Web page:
- Detraining: need to train more
- Maintaining: fitness level isn’t going up or down
- Peaking: ready to compete
I love the training effect feature on this watch. It will give you a color (grey, blue, green, orange, or red) based on the intensity of your workout. The colors each represent if the activity you are doing is having any effect on your overall level of fitness. For those of us who work out frequently, it can be difficult to know when we’re overreaching and need a break. This feature uses your overall heart rate, speed, and power to calculate your training effect.
What the Garmin Forerunner 245 Measures
The Garmin Forerunner 245 measures a variety of metrics including the basics like time, steps, and distance. Here’s what else you can expect to track:
- VO2 Max
- Calories burned
- Heart rate
- Sleep tracking
- Current amount of energy (body battery)
- Respiration levels
- Stress levels
- Menstrual cycle
- Blood oxygen saturation
- Running cadence
- Stride length
- Ground contact time
- Exercise volume
- Intensity minutes
Design and Aesthetics
The under $250 Garmin Forerunner 245 comes in two colors – slate gray and berry. I chose the slate gray to test. On the Garmin website, there are a variety of additional bands to purchase separately that fit the 245. Ranging in price between $30- $100, you can find options made of silicone, nylon, leather, suede, and stainless steel mesh. I was impressed by the different materials and colors offered, but I do think the prices are kind of high considering you can buy a Fitbit Inspire 2 for $100.
Unlike many fitness trackers, the watch face on the Garmin Forerunner 245 isn’t a touchscreen, but that’s not surprising for a running-focused watch. I appreciate the sizable display of almost an inch and a half in diameter made of Corning Gorilla Glass, which is designed specifically to be damage resistant. The bezel is made of high quality fiber-reinforced polymer.
The display type is transflective memory-in-pixel which is a fancy way of saying it’s hard to see in direct sunlight. Okay not really, but the color screen can be dim if you’re outside. You’re able to adjust this somewhat under the screen preferences widget and clicking “backlight.”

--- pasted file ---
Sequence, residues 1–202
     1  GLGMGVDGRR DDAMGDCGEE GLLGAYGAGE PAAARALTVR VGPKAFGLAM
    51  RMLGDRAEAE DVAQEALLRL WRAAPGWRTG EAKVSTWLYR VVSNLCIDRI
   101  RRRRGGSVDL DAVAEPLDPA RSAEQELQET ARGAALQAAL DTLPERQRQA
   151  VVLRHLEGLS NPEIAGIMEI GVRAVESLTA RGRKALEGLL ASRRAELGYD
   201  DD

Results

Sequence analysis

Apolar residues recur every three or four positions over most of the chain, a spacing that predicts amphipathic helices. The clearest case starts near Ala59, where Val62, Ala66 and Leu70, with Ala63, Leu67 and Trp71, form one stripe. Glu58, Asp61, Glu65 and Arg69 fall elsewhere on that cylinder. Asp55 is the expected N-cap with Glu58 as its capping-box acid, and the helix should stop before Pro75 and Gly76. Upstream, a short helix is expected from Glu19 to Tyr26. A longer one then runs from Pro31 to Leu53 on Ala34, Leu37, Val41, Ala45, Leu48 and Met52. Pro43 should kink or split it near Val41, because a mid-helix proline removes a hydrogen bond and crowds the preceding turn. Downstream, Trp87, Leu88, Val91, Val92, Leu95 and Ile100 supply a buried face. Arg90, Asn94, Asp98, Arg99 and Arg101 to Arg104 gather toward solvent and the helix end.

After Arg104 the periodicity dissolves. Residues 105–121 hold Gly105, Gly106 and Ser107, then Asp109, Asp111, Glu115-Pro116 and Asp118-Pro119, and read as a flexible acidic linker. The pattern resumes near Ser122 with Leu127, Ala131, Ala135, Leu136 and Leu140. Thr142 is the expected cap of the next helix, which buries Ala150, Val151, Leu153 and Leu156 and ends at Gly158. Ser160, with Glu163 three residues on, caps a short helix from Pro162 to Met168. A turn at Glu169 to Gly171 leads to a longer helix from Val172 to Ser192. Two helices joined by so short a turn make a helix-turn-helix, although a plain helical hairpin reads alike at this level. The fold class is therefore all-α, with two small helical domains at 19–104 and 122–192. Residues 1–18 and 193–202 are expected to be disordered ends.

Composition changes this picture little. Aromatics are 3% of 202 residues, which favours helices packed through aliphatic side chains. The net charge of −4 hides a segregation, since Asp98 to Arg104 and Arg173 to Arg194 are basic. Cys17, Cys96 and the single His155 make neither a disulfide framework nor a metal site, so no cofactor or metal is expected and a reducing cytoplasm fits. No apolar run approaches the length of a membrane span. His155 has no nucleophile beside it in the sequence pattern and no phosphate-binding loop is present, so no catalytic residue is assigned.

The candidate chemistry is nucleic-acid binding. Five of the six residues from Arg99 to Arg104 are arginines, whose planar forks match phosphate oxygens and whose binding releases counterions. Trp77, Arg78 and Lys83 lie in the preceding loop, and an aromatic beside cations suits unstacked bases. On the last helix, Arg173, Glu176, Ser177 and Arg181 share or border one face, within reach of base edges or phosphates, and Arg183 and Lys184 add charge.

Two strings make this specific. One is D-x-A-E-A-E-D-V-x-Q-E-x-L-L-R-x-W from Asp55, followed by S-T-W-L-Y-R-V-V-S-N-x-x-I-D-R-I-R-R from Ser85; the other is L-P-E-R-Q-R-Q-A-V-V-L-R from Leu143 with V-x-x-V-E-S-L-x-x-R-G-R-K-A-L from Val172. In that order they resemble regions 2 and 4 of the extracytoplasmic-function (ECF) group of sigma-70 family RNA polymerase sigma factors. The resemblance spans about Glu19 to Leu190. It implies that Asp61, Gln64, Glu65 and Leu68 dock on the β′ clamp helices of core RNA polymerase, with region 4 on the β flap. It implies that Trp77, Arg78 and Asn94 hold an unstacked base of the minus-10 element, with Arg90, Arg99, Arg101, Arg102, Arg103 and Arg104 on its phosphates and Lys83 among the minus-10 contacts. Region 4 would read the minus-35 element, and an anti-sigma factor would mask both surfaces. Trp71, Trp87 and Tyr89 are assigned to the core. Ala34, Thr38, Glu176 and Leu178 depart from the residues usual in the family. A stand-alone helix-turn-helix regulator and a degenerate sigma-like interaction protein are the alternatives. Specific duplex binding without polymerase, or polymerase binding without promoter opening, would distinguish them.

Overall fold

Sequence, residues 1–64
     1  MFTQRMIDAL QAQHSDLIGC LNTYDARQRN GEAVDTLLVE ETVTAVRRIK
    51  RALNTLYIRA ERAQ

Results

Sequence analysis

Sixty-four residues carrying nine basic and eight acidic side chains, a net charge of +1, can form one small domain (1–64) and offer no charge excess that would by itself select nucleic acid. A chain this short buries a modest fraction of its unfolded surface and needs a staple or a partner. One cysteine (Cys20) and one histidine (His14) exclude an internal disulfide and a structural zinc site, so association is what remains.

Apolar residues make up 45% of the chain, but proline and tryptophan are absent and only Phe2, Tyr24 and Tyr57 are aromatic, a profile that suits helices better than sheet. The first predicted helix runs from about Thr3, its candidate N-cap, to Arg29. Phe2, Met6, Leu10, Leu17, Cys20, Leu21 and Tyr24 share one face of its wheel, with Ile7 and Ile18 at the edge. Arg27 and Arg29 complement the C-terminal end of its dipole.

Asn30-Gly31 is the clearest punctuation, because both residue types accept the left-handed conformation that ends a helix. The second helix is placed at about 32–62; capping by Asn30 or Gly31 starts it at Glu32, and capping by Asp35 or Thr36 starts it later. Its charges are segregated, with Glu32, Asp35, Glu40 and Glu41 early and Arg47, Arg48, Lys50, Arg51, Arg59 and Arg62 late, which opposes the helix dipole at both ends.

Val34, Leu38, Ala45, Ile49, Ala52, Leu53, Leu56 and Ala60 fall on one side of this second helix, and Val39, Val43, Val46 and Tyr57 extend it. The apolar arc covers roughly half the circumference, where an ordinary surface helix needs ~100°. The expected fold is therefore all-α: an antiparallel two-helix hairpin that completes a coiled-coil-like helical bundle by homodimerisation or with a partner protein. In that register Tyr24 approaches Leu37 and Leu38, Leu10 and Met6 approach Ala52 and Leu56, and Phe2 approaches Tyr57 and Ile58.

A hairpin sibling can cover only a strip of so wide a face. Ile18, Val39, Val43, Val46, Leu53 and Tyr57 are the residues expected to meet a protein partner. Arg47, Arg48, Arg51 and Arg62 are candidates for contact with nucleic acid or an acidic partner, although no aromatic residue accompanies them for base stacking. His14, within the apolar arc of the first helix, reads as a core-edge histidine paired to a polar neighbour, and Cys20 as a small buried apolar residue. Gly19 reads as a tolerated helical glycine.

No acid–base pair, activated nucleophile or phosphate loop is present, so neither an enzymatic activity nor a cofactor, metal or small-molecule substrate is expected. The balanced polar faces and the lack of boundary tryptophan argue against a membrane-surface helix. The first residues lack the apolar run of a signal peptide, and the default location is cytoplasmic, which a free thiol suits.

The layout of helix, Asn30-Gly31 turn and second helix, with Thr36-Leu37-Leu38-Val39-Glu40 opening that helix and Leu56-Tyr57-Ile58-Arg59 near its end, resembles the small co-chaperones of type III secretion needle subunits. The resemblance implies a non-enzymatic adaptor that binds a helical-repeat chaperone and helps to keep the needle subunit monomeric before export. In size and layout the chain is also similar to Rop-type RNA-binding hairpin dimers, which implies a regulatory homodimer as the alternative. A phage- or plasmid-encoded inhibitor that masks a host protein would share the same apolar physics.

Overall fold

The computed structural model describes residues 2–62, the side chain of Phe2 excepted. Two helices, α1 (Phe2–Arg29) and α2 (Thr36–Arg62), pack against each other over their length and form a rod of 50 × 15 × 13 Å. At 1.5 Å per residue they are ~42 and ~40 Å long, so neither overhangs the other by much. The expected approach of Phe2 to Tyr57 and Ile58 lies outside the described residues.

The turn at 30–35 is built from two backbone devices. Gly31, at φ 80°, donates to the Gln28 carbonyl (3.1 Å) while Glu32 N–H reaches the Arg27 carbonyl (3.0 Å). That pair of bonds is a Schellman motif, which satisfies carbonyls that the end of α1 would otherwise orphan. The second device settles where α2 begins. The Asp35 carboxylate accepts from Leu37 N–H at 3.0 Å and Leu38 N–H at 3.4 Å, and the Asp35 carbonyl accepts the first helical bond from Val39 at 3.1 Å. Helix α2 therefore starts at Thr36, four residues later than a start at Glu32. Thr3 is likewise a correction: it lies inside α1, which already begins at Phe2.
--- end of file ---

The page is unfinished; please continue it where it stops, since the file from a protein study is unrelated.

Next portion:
There are five buttons on the side of the Forerunner 245 to control things like laps, time, and recording performance. I appreciate the functions of these buttons, but they are rather easy to bump. It can cause some frustration (it did on my end) when you keep accidentally tapping the buttons and starting a function you don’t currently want.
The Forerunner 245 fits wrists between 127-204 mm, which is equivalent to between about 5 inches to over 8 inches in circumference. This is a solid size range with just one band.
Although it fits a wide range of wrist sizes, I was surprised by the irritation the band caused. I wore it all day with no breaks and found the silicone band was rubbing on my wrist.
While working out, I was pleased that the tracker did not budge from my wrist. For all the irritation I was experiencing during the day from the band, I didn’t have a problem sleeping with it on.
The Garmin Forerunner 245 has impressive technology options, especially for those who enjoy cardio-based activities. It has the ability to track a variety of exercises, give running form tips, and track your favorite outdoor route.
This smartwatch is able to track workout intensity minutes, sleep statistics, distance traveled, daily calorie burn, and overall step count. There are also a variety of other features the Forerunner 245 can track such as menstrual cycle, VO2 max, heart rate, and more. What you unfortunately won’t find on this tracker is Garmin pay or an altimeter to track altitude.
The Forerunner 245 has 13 activity profiles programmed into the watch that you can easily select to track your workout. Here are your options:
- Treadmill running
- Strength training
- Indoor Rowing
- Elliptical training
- Stair stepping
- Indoor and outdoor running
- Trail running
- Virtual running
- Indoor biking
- Pool swimming
You’re also able to add a custom activity but you’ll have to use the base of a closely related pre-recorded exercise. For example, if you wanted to record a pilates workout, you might select “yoga” as the base of the workout so the watch can get the most accurate reading.
On the Forerunner 245, you can use Bluetooth or ANT+ technology to connect to devices if you want to, for example, broadcast your heart rate data to another device. The 245 Music and other upgraded versions of the Forerunner are also Bluetooth/ANT+ enabled.
If you forget to select an activity before you begin working out, never fear! The Forerunner 245 will most likely save your butt with Move IQ. This feature automatically detects five activity profiles – running, swimming, elliptical, walking, and biking. This would be great for someone doing a triathlon that didn’t want to have to switch the exercises they were tracking.
I love that this feature is included on the 245, but I am a little disappointed it will not automatically track strength workouts. This comes as no surprise from a device designed for runners. The five detected activity profiles are all cardio-based.
Reminders to Move